Formerly an officer in Kopassus and chief of the Jakarta Military Command, Hendropriyono was minister for transmigration and resettlement until Sept. 27.
In that capacity, he oversaw the establishment of camps and proposed resettlement of some 200,000 East Timorese refugees to various Indonesian islands.
Schneider said he did not know the generals' backgrounds or that the students' billing address was Kopassus. But, he said, that information would not have deterred him from accepting the young men.
Others might find the links more troubling.
Vermont's Democratic Senator Patrick Leahy, who has been particularly vociferous in condemning Indonesian repression, sponsored legislation passed in 1998 that prohibits assistance or military training to units implicated in human rights abuses. The ban includes some Kopassus units, Leahy aide Tim Rieser said.
After the postreferendum violence, the United States also stopped all military cooperation, training, assistance, and commercial arms sales and pushed the International Monetary Fund and the World Bank to suspend loans to Indonesia.
With Norwich receiving federal funds in the form of financial aid and the Indonesian students receiving military training from US Army officers through ROTC, the program could be in conflict with US government policy.
''One could argue,'' Rieser said, ''that the US government is subsidizing the training of future Indonesian soldiers.'' The Norwich program, ''if not strictly illegal,'' he said, ''may be inconsistent with President Clinton's order ending cooperation with the Indonesian military.''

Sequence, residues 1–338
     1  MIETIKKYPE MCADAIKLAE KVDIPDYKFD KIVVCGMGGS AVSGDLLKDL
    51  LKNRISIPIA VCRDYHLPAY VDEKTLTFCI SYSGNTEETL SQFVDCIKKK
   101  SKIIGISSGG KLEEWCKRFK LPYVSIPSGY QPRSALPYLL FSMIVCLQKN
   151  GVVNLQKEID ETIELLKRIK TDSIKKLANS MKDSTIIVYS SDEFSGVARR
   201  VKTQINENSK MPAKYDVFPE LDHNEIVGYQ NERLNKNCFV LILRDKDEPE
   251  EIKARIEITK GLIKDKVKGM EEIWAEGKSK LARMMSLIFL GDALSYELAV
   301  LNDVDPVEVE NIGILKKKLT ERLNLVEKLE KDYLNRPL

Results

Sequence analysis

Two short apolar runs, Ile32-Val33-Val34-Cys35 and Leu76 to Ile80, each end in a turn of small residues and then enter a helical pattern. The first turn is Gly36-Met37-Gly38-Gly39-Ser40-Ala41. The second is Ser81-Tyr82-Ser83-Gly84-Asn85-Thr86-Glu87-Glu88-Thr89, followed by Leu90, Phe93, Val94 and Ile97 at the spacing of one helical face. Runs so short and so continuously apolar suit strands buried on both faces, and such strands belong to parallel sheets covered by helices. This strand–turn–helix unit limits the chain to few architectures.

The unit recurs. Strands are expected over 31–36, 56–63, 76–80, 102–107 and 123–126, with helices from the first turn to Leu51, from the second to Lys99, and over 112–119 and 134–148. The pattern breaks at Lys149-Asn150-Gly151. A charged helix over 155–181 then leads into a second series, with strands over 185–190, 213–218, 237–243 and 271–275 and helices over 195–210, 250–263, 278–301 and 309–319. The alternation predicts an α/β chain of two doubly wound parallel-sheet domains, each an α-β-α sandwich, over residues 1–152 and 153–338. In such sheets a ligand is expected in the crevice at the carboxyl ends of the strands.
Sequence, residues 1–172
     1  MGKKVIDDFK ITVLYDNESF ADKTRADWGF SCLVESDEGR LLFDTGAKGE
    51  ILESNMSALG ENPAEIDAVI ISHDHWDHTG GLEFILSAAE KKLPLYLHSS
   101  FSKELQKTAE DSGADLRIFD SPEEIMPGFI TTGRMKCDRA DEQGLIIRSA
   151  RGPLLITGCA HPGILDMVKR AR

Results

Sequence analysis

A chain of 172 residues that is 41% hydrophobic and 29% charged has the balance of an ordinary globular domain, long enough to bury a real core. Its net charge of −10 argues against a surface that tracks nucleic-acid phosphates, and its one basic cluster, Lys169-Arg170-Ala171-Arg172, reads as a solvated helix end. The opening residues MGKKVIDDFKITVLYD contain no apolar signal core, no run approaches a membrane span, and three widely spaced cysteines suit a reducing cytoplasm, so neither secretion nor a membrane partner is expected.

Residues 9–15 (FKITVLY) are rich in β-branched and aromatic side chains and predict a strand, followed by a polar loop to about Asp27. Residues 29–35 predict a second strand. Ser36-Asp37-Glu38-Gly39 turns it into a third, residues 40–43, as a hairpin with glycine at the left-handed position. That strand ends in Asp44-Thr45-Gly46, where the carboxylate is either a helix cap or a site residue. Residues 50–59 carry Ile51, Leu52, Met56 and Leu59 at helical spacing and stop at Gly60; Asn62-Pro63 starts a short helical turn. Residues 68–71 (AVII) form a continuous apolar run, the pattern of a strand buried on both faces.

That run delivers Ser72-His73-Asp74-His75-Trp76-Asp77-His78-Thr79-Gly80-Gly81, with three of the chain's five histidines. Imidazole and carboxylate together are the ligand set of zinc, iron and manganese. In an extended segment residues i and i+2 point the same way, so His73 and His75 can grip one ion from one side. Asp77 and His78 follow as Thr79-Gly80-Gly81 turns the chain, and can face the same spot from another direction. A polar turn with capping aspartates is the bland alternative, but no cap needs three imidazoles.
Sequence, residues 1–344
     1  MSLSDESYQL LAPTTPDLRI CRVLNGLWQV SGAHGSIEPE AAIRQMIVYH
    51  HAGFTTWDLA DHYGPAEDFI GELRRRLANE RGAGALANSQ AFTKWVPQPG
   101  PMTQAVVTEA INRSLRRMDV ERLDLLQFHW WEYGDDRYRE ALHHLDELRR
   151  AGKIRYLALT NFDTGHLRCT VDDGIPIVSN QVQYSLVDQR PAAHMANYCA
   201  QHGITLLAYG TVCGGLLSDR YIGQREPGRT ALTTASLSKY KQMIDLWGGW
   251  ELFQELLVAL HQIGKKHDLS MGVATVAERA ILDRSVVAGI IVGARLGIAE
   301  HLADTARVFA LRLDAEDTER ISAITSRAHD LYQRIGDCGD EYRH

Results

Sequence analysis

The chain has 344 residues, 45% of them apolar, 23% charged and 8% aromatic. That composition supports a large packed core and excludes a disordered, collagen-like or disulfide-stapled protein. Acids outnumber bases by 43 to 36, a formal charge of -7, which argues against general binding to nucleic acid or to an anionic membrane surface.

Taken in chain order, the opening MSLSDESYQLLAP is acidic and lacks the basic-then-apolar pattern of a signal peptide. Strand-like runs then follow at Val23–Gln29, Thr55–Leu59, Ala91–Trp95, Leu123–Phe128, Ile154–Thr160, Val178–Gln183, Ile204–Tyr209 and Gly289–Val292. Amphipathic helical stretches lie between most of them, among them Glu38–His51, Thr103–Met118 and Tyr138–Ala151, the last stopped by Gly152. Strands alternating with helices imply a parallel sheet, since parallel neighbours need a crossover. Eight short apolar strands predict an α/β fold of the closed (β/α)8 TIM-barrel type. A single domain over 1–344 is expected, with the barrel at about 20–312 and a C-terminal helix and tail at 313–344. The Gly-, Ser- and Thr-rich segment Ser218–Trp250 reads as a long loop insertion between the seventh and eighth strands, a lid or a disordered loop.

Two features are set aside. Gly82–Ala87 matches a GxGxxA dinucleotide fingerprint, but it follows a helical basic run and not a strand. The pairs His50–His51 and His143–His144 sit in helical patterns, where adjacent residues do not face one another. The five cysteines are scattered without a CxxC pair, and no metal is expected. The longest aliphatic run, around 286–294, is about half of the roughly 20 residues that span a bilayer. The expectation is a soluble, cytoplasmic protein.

This story ran on page A01 of the Boston Globe on 10/04/99.
---- Boston Globe Norwich program draws fire
Two lawmakers criticize training of Indonesian recruits
By Terry J. Allen, Globe Correspondent, 10/07/99
NORTHFIELD, Vt. The Department of Defense should investigate a Norwich University program that trains future members of the Indonesian military, two members of Congress said this week.
In a letter sent Tuesday, Democratic Representative James P. McGovern of Massachusetts and Senator Tom Harkin, an Iowa Democrat, called on Defense Secretary William S. Cohen to identify ''all members of the Indonesian military, including recruits,'' currently studying in the United States. ''We strongly recommend their immediate return to Indonesia.''
McGovern said that he was meeting today with National Security Adviser Sandy Berger on another matter and would take the opportunity to discuss the training at Norwich.